Low-Input Vine Crop Production

2001 Annual Report for FNE01-388

Project Type: Farmer
Funds awarded in 2001: $1,915.00
Projected End Date: 12/31/2001
Matching Non-Federal Funds: $2,085.00
Region: Northeast
State: Massachusetts
Project Leader:

Low-Input Vine Crop Production


The goal of this project was to investigate alternative organic production techniques for vine crops – focusing on pumpkins – by using plastic mulch in the rows and different cover crops between the rows.

The pumpkins were planted in mid-May through plastic mulch that was laid in rows ten feet apart. A cool damp period following planting and predation by crows reduced the plant population so spot replanting was done at the end of May. Organic fertilizer was placed around each plant by hand and striped cucumber beetles and squash bugs were hand-picked and killed. In hole weeding was done by hand at the same time. The ground between the plastic was cultivated two times between planting and mid-June when the cover crops treatments of red clover, white clover, buckwheat, and no cover crop were planted.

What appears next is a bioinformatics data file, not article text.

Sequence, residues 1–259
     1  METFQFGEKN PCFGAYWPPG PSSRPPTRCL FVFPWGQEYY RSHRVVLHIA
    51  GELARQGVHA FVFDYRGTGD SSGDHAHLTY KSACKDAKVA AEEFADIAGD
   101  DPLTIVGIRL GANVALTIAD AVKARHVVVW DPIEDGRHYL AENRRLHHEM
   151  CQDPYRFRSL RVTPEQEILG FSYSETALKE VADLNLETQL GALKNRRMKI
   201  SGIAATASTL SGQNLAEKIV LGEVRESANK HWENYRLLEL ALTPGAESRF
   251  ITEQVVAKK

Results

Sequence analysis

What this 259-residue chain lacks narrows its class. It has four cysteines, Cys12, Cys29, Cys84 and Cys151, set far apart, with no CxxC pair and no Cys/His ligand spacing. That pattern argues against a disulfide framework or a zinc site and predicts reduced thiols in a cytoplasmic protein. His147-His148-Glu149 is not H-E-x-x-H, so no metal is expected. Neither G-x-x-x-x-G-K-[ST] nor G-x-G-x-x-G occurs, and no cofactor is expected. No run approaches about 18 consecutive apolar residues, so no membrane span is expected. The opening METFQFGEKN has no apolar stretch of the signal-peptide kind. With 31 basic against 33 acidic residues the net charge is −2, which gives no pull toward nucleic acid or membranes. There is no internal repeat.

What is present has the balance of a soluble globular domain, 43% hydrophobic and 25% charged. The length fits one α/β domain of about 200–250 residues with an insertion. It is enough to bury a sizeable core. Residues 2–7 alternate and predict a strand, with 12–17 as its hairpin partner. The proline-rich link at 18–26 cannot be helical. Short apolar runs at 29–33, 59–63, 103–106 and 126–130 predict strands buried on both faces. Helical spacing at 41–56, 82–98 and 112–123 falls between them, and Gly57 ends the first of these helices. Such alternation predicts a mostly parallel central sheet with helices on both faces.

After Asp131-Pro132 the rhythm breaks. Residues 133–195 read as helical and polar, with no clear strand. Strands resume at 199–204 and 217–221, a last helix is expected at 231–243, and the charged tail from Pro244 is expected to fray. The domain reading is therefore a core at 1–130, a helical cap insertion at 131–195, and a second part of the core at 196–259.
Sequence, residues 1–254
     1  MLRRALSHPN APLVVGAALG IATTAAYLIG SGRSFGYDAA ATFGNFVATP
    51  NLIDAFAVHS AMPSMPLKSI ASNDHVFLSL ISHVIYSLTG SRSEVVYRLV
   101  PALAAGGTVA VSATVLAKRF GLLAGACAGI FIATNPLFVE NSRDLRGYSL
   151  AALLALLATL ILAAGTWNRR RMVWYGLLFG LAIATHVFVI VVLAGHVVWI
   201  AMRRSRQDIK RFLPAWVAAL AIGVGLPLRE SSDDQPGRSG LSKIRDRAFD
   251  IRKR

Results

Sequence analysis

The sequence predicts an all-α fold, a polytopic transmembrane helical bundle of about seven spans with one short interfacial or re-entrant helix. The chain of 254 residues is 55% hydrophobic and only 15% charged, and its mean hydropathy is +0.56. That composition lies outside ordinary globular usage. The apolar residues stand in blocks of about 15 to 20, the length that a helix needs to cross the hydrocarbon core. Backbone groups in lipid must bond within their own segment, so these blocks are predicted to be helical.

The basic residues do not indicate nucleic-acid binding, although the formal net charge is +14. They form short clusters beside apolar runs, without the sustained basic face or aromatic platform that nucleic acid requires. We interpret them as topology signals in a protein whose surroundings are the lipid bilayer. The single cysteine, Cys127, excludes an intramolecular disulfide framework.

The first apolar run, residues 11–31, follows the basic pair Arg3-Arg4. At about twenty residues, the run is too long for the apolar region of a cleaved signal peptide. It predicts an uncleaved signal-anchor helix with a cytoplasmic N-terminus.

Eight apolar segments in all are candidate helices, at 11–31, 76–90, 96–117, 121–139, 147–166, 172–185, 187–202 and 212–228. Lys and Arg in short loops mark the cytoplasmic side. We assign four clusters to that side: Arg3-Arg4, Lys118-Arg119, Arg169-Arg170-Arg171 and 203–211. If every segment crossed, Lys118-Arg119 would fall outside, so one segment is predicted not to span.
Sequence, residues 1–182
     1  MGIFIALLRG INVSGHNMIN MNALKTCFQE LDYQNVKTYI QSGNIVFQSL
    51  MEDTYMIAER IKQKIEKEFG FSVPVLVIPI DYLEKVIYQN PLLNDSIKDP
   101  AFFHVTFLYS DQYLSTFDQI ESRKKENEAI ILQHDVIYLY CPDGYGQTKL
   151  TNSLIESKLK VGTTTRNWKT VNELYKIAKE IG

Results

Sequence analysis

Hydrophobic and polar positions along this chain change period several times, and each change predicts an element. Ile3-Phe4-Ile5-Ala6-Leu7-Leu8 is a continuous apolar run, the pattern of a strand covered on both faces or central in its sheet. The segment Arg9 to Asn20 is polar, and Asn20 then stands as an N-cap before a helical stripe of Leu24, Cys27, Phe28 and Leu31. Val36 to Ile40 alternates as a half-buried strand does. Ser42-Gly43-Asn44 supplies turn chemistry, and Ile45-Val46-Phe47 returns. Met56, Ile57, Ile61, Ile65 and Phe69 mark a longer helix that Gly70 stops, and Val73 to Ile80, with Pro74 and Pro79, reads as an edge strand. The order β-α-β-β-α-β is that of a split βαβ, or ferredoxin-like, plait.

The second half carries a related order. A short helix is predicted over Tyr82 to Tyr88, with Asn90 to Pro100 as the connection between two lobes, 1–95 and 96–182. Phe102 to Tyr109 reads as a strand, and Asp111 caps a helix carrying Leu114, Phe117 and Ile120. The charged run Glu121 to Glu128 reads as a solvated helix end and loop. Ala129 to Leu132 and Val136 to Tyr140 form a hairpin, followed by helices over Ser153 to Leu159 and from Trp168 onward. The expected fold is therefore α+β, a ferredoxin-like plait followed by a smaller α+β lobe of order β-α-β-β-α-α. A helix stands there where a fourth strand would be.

Spensley reports that the buckwheat cover crop between the rows had the best effect on weed suppression between the rows. It was very vigorous and grew to almost three feet tall. The resulting pumpkin crop from this treatment was superior to those grown in the other treatments. The clovers did not perform well as cover crops. Spensley is unsure of the reason. The treatment with no cover crop had the greatest weed pressure.

Spensley believes that several positive outcomes were achieved from this trial. He showed that a marketable crop could be produced using this system, with less hand weeding and hoeing required than pumpkins grown without plastic mulch and no herbicides. The crop was produced using organic methods; there was no time or materials involved for pesticide applications to control weeds, insects, or diseases; and the soil benefited from the cover crop biomass between the rows.

Negative features of this system included the increased costs of time and materials to purchase, lay, remove, and dispose of plastic mulch; insect damage from striped cucumber beetle may have been economically significant; weed control along the edge of the plastic mulch was difficult to achieve; and he thinks that overall production in this system was lower than that achieved from a system with more insect and disease control.

Spensley believes this model has merit and can be adapted by growers to meet their specific production systems with different row spacing, the use of drip irrigation, and perhaps the use of the plastic mulch during a second cropping year and/or intercropping with an early, short season crop.